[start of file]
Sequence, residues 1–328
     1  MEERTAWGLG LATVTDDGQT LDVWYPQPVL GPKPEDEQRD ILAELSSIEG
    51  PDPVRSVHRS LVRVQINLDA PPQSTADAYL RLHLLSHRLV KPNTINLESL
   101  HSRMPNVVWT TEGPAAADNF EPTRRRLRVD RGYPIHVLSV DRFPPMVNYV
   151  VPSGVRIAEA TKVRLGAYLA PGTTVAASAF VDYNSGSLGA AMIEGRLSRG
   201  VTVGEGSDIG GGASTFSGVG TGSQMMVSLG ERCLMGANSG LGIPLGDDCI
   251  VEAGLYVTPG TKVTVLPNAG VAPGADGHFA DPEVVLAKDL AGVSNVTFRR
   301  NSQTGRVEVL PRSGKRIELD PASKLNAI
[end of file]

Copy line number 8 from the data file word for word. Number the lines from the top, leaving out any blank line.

   301  NSQTGRVEVL PRSGKRIELD PASKLNAI